We escape to the Italian countryside and into five idyllic homes.
Italy’s countryside rivals the best in the world; rolling green hills, vineyards, olive groves and historic architecture make for scenes straight out of a painting. We’ve featured a number of Italian country houses here on estliving.com and inside the pages of est magazine; it was a challenge to pick just five.
Studio Andrew Trotter have designed a trio of boutique hotels just outside the town of Oria in Puglia’s countryside.
“My Puglia buildings work so well because they’re not a copy of the old but a re-addition of what is,” Andrew says. “They’re quietly simple, and I think people will always like simplicity.”
Calling on local materials and traditional building methods, Studio Andrew Trotter have conveyed ‘the simple life’ of Puglia through an old farmhouse feel. Each building embraces a classic white sandstone exterior, cement floors, vaulted ceilings, dusty neutrals and minimal furnishings. Warm light from the surrounding countryside permeates the interiors through large arched windows and doors – a feature carried through centuries of Italian architecture.
Andrew has a way of describing buildings like they’re living beings. “All buildings have a reason, you see. Mine, they’re part of tradition.” Borgo Gallana stands as an unprecedented opportunity to experience Puglia through the lens of those who know it best – keeping the traditions and histories of the region alive.
Considered design elements are the hallmarks of this pavilion in the Italian foothills of Amiata Mount, making it a haven for modern living in an otherwise old-worldly and idyllic location.
The homeowners of the Brutalist-inspired bolthole called on esteemed local architects Gardini Gibertini Architects (GGA) to design an architectural masterpiece for them and their extended family.
Architects Alice Gardini and Nicola Gibertini of GGA have expertly honed their architectural calling cards when it comes to the built form – one of which is their unique ability to intuitively create a captivating dialogue between the past and the present. Taking pride in applying locally sourced materials such as ancient stone, to construct new, contemporary forms of living, the GGA team champion architectural reinvention while paying tribute to the local land.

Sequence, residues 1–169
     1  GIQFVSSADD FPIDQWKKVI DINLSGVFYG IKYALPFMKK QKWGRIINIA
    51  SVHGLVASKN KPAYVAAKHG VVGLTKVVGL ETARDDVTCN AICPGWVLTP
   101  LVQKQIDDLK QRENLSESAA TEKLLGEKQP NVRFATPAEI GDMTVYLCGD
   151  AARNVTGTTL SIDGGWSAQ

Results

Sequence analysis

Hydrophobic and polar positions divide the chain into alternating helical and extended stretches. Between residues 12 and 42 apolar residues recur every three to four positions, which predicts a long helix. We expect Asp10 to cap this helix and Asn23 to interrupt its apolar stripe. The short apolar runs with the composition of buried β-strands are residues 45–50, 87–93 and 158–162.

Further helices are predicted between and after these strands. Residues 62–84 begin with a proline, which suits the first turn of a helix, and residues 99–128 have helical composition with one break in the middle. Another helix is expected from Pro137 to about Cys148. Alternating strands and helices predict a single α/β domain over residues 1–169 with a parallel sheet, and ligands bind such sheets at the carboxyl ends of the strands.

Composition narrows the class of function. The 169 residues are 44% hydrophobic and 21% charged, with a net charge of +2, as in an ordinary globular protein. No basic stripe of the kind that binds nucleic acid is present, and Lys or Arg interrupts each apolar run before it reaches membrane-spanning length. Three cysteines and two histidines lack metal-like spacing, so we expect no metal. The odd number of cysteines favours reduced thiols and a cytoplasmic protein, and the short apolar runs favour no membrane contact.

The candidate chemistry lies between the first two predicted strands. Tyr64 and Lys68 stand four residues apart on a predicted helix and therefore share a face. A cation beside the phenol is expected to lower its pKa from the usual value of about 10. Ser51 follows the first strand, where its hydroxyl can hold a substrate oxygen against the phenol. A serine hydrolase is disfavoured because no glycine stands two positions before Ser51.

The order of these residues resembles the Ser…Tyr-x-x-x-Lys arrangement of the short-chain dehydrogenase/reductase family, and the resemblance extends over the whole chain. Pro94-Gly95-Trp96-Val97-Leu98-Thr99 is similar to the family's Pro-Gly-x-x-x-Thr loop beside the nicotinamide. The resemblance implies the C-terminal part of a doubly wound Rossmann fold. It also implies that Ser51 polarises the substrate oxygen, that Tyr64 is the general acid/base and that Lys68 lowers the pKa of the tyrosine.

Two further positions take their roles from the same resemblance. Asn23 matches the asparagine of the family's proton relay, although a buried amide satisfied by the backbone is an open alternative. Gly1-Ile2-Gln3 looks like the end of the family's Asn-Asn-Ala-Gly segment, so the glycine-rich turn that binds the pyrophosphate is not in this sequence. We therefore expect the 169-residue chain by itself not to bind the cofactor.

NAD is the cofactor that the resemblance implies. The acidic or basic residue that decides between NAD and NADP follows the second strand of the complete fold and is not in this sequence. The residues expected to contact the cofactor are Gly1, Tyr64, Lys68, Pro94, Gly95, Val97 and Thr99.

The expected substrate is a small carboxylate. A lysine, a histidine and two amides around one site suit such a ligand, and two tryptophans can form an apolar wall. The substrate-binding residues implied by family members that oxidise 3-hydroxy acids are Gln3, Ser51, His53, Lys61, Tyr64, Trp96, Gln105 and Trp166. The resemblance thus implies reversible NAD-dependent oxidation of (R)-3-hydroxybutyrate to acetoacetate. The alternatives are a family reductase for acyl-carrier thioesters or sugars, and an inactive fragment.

Nestled above an elevated ridge in one of the southernmost parts of Italy, this outwardly expressed home designed by MORQ beautifully captures the essence of Calabria.
Imagined as a summer retreat for its owners of Italian lineage, the home sits weighted through its composition yet responsive in how it engages with the landscape. “The new dwelling aims to be part of the landscape as a whole,” MORQ co-director Emiliano Roia says, “and instead of looking to formally mimic the landscape, the project draws from the tradition of the Italian villa, and the material tones of the land it sits on.”
Villa RA’s material palette is informed by the earth it perches on. “The limited palette of materials reveals the simple geometry of the building,” Emiliano says, “and creates a visual and tactile continuity between landscape and architecture, where hues change during the day, responding to sun and land, revealing movement through shadows and ever-changing material nuances.”
Villa RA originally appeared in est magazine issue 42 (pp. 52-67).
Architects Ludovica and Roberto Palomba’s Puglia Home
This gloriously rustic Puglia building is the home of Ludovica and Roberto Palomba, founders of Milan-based architecture firm Palomba Serafini Associati.
Originally constructed in the 1600s as an oil mill, the building had long since been abandoned and fallen into disrepair by the time the Palombas came across it. But it was the building’s classic proportions – six metre ceilings and wide communal spaces framed by columns – that caught the couple’s eye.
Rather than taking the typical renovation tactics of modernising and adding, Roberto and Ludovica chose to keep the structure as authentic as possible. Instead of adding new walls to break up the space, the remodel draws on floors of local stone and whitewashed walls to create consistency throughout the home without boxing it off, while light has been introduced through opening up the back of the building and peppering new skylights throughout the living areas.
Ludovica and Roberto Palomba’s home originally appeared in est magazine issue 27 (pp. 40-52).
Studio Andrew Trotter’s Villa Cardo absorbs the rich landscape of Puglia as a love letter to the region and its past.
The three-bedroom home occupies a site filled with olive and almond trees. While anchored to the landscape through thick and weighted architectural elements, the geometric open staircase leads to an open roof terrace, with views stretching out to the ocean. “The house sits in the countryside,” Andrew says, “so it was important for it to feel relaxed and humble and that the whole house can be opened up, so you feel connected with the nature that surrounds.”
“We always try to source everything as close to the site as possible,” Andrew says. “The Tufo (sandstone) walls are from two kilometres away, the windows are made locally and the limestone flooring is local too. A building needs to fit the context that it is in and if you use local materials, then half of the work is done for you.”
Villa Cardo originally appeared in est magazine issue 43 (pp. 220 – 237).